Nov 7, 2012
Dozens of clergy members will carry a golden calf symbolizing the idols of wealth and greed to Senator Richard Durbin’s office on Thursday, as a coalition of community groups demands that Durbin defend social programs – including Social Security and Medicare – in any post-election budget showdown.
So far Durbin has refused to sign a pledge – backed by Majority Leader Harry Reid and 28 other senators – promising to oppose cuts to Social Security, Medicare, and Medicaid.
“Durbin is missing in action on this issue,” said Jacob Swenson of the Make Wall Street Pay coalition. The Illinois senator is assistant majority leader and the Obama administration’s closest ally in the Senate.
Led by the clerical procession, members of the coalition will march from the Chicago Temple, 77 W. Washington, to Durbin’s office in the Federal Building, 230 S. Dearborn, at 10 a.m. on Thursday, November 8.
On Friday at 3 p.m., hundreds of clergy, students and others will rally at Pritzker Park, Van Buren and State, calling on Durbin to stand tough in budget negotiations.
Following the failure of Durbin’s “Gang of Six” to reach a budget compromise in the summer of 2011, Congress passed a measure establishing a supercommittee to breach the impasse, with the threat of $1.2 trillion in automatic “sequester” cuts to military and domestic spending if they failed. They failed, and the deadline to act under that measure looms.
Congress could just repeal sequestration and start over, Swenson said. The current impasse revolves around Democrats’ insistence on a mix of tax revenue and budget cuts to address the deficit, while Republicans oppose any tax increases whatsoever.
President Obama has to check his propensity for preemptive compromise and “play hardball,” said Swenson. Specifically, he said, Democrats can win if they are willing to allow the Bush tax cuts – all of them – to expire.
“We’d like to keep them in place for people earning under $250,000, but if you’re not willing to let them expire, you don’t have political leverage,” he said. “The Democrats haven’t taken the strong bargaining position they need to take.”
Durbin: raise retirement age
Obama has backed the recommendations of the Simpson-Bowles commission, which Durbin supported, including raising the retirement age to 69 and reducing cost of living adjustments for Social Security; the plan would also lower the tax rate on top incomes.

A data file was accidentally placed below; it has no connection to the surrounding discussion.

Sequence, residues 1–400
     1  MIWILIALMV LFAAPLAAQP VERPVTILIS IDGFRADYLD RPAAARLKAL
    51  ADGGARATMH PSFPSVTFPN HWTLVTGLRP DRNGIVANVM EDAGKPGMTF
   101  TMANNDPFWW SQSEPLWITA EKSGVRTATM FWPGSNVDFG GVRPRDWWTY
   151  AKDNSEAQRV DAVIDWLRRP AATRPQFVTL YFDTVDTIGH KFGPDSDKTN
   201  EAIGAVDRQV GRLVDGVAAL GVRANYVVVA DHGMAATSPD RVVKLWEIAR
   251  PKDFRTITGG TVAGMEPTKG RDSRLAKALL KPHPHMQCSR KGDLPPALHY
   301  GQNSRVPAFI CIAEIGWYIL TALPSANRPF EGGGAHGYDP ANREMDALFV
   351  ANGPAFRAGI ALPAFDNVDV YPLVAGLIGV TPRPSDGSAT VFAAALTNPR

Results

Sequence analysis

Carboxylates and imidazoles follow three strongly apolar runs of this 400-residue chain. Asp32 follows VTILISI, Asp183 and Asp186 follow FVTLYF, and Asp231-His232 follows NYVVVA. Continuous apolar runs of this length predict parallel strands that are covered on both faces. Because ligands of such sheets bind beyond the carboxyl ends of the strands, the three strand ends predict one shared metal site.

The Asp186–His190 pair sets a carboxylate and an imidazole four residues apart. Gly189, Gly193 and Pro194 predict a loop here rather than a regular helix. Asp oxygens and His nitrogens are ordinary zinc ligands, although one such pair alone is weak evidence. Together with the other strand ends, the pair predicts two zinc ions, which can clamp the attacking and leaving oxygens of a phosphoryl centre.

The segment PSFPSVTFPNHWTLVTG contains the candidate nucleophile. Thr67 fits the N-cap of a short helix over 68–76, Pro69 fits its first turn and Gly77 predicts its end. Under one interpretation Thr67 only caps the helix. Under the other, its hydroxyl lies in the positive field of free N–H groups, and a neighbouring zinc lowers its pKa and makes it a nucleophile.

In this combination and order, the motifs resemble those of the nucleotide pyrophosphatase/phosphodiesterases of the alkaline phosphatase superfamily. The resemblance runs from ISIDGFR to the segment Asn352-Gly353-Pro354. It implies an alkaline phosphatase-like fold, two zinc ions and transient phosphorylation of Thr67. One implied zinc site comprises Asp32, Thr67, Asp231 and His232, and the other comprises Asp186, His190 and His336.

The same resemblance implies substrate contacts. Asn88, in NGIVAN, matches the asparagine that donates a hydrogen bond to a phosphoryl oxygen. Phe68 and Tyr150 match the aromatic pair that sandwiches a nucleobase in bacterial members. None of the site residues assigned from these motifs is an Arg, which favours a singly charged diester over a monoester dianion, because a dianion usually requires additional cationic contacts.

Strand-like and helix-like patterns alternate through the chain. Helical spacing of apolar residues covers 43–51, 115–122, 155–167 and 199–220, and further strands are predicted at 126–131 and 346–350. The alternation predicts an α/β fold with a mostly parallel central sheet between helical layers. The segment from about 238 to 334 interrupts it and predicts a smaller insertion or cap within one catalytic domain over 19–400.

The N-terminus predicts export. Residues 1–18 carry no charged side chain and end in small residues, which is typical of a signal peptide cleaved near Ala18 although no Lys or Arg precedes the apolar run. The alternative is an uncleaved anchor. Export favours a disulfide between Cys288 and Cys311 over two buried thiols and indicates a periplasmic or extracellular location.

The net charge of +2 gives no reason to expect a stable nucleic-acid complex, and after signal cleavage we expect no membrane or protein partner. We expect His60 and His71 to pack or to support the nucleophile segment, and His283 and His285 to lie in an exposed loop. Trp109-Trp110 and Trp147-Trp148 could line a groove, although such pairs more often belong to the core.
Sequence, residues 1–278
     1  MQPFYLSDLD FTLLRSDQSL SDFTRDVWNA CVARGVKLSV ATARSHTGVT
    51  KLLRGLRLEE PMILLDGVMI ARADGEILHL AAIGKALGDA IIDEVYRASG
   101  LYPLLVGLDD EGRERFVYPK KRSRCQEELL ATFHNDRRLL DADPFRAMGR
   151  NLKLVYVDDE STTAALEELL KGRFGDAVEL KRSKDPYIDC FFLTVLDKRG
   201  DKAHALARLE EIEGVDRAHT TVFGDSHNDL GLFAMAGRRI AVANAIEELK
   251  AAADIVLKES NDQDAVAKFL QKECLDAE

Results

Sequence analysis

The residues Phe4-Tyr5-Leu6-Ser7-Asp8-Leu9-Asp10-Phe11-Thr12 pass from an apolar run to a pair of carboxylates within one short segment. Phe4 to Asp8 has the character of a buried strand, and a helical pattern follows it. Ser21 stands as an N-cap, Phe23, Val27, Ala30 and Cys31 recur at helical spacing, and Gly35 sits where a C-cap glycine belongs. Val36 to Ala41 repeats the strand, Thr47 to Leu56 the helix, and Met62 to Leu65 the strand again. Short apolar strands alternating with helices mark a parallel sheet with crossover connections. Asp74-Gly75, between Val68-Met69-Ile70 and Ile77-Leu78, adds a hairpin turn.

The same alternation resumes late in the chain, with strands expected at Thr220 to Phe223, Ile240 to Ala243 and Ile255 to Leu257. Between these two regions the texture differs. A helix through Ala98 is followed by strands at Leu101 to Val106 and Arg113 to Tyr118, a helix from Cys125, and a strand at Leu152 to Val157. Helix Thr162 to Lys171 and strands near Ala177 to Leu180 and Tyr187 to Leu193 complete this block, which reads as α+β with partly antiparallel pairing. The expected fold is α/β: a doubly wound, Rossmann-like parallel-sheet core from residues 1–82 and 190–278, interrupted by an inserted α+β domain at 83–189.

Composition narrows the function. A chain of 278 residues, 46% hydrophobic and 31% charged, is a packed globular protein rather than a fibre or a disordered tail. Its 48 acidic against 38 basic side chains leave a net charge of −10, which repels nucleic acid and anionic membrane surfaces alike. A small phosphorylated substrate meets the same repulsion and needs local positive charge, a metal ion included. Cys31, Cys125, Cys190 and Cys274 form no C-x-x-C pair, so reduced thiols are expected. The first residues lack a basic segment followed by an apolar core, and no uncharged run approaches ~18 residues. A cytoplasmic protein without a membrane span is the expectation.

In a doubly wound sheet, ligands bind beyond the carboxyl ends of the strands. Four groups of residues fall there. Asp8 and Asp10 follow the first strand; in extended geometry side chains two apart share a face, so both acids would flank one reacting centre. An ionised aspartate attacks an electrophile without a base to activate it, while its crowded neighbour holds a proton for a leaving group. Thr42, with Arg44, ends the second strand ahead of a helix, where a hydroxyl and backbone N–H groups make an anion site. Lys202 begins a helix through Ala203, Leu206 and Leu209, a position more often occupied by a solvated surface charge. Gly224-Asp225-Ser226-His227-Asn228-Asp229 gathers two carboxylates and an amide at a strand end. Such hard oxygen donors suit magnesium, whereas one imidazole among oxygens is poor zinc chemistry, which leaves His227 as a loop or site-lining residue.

Swenson said that Durbin defends raising the retirement age because Americans on average are living longer, but he says that that’s true only for wealthier people; for blacks and Latinos, in fact, life expectancy is decreasing.
“When they talk about ‘restructuring’ and ‘strengthening’ Social Security, that’s code for cutting benefits,” he said.
That’s not necessary, he said: the Social Security fund could be bolstered by raising the income limit on payroll deductions. According to Swenson, Durbin has said he supports this in private meetings, but he hasn’t managed to take a position publicly.
Swenson also takes issue with Obama and Durbin’s focus on short-term deficit reduction. “This is not the time to be focusing on the national debt,” he said. “We’re in a depression. Our elected officials don’t seem to recognize what this means for people. We need to do whatever it takes – and borrow whatever it takes – to get the economy going.
“We were willing to go into debt for ten years to pay for two wars and for tax breaks for millionaires and billionaires,” he said. “Why can’t we make sure people in our communities have jobs, have food and medicine, that our children can get a decent education?”
The coalition is calling for blocking sequestration; Swenson says the cuts “would fall on the most vulnerable people – the poor, the sick, seniors and children.” They reject a “Grant Bargain” that balances the budget at the expense of the safety net. They’re calling for a financial transaction tax to raise hundreds of billions of dollars of new revenue.
(For more, see Swenson’s article at Truthout: The Real Story on Dick Durbin’s Leadership.)